Effects of 28 days of dairy or soy ingestion on skeletal markers of inflammation and proteolysis in post-menopausal women

Monica C. Serra, Kristen M. Beavers, Daniel P. Beavers, Darryn S. Willoughby

Research output: Contribution to journalArticlepeer-review

11 Scopus citations


Background: Aging is associated with increased local inflammation and resultant proteolysis in skeletal muscle. In animal models, soy supplementation is a beneficial countermeasure against muscle inflammation and proteolysis; however, the effect on aging humans is not clear. Methods: A single-blinded, randomized, controlled trial was conducted on 31 post-menopausal women. Volunteers were randomly assigned to consume three servings of soy (n=16) or dairy (n=15) milk each day for 28 days. The expression of inflammation- responsive (TNF-α, IL-1β, IL-6) and proteolytic (calpain 1, calpain 2, ubiquitin, E2, atrogin-1, muRF-1) genes in skeletal muscle was determined using real-time polymerase chain reaction before and after supplementation, and then after a downhill run performed to elicit muscle damage. Results: While no group by time interactions were observed, significant main effects for time were observed for IL-1β, IL-6, calpain 2, and atrogin-1 mRNA post exercise. Further analysis revealed that, compared with post-supplementation values, calpain 2 and atrogin-1 mRNA significantly increased at 4 h post exercise (p=0.01 and p<0.01, respectively), whereas IL-1β and IL-6 mRNA significantly decreased at 4 h post exercise (both p<0.01). Conclusions: Soy or dairy milk supplementation at the amount ingested for 28 days does not appear to preferentially inhibit the expression of inflammation-responsive and proteolytic genes that were assessed, and does not attenuate the eccentric exercise-induced upregulation in the proteolytic genes.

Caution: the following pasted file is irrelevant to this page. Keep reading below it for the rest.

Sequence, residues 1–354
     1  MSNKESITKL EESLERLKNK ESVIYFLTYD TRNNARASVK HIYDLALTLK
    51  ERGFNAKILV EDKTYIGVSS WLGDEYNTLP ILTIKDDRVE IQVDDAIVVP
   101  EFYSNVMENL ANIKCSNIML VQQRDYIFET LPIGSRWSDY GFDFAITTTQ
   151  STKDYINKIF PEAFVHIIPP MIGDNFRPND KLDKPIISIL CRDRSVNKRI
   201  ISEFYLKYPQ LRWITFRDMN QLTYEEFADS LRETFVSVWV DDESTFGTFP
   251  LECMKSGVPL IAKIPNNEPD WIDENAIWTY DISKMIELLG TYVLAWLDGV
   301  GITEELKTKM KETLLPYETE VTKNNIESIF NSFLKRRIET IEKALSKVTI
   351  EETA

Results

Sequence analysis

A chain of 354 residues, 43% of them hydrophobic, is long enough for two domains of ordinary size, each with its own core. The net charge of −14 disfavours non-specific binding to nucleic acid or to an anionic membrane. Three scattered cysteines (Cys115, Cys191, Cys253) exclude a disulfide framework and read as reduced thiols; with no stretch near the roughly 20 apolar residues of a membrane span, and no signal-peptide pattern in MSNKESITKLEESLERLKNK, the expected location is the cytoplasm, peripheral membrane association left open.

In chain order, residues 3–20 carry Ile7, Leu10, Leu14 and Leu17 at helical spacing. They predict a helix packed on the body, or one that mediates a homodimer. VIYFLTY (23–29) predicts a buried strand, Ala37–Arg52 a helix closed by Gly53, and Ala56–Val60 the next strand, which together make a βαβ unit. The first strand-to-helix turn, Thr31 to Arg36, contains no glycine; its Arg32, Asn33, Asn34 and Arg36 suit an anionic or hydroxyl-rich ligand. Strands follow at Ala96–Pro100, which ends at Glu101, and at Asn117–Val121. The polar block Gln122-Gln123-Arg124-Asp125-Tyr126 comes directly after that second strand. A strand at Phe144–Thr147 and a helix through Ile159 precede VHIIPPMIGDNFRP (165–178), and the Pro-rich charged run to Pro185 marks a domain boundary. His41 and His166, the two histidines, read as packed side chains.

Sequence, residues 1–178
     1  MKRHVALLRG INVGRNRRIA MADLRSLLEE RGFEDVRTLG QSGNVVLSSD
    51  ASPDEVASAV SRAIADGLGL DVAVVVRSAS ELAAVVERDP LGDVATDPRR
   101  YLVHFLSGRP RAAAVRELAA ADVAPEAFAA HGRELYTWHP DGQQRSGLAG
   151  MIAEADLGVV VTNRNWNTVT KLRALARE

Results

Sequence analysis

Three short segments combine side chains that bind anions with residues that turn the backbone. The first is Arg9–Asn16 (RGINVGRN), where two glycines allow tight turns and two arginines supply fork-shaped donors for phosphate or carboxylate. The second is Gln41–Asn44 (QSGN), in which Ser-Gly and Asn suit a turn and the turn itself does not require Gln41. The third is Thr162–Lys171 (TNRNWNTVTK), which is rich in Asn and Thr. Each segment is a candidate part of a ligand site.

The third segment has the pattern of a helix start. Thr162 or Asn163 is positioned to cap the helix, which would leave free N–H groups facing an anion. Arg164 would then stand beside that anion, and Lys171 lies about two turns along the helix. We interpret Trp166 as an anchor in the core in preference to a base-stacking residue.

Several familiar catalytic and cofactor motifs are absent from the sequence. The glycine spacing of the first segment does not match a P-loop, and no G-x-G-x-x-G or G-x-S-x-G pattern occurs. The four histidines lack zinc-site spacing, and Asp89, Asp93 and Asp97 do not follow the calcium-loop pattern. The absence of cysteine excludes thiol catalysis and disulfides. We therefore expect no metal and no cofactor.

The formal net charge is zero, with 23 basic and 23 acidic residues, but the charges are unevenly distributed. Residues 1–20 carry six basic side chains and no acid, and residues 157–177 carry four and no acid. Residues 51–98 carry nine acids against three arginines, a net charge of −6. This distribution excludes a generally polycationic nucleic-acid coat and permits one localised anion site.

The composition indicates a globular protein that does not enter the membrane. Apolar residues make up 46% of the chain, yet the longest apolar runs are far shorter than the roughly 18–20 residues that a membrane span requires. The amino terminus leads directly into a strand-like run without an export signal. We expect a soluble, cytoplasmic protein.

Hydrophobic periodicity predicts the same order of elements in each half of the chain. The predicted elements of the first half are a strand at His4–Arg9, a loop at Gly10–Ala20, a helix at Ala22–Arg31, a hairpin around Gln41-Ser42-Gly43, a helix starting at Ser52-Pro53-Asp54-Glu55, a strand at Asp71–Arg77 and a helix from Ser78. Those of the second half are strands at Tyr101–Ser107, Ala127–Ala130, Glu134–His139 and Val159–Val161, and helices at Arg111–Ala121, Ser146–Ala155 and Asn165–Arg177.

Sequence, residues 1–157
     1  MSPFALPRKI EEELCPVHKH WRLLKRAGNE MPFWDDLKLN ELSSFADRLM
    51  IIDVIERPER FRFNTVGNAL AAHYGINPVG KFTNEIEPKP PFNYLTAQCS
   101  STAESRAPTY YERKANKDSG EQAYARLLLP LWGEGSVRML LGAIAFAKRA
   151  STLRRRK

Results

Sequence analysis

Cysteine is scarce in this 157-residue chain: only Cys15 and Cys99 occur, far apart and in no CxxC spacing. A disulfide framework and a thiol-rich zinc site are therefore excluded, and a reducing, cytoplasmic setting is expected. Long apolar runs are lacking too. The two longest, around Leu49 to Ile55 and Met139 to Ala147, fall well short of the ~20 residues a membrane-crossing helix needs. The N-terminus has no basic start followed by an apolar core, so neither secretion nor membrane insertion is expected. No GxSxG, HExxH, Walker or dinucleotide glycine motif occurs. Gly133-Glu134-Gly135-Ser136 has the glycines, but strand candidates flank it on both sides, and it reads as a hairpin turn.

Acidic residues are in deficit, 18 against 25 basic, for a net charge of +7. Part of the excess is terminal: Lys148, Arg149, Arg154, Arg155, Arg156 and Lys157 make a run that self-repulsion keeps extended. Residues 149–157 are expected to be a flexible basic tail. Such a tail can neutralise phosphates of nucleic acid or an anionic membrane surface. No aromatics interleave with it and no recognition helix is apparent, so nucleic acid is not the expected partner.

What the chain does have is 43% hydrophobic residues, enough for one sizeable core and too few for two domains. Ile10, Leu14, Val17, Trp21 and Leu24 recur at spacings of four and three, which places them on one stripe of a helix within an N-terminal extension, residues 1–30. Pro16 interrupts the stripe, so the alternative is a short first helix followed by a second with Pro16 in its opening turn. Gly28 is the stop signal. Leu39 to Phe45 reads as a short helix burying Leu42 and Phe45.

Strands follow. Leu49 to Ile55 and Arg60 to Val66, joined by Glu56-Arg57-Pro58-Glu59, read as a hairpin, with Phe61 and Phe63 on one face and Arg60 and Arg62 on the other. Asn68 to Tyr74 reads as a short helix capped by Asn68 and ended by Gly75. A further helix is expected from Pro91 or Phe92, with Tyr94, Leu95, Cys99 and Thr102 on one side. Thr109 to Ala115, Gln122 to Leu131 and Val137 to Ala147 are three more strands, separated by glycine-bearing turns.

Original languageEnglish (US)
Pages (from-to)117-130
Number of pages14
JournalNutrition and Health
Issue number2
StatePublished - Apr 2012
Externally publishedYes


  • Aging
  • Inflammation
  • Milk
  • Proteolysis
  • Soy

ASJC Scopus subject areas

  • Nutrition and Dietetics
  • Medicine (miscellaneous)


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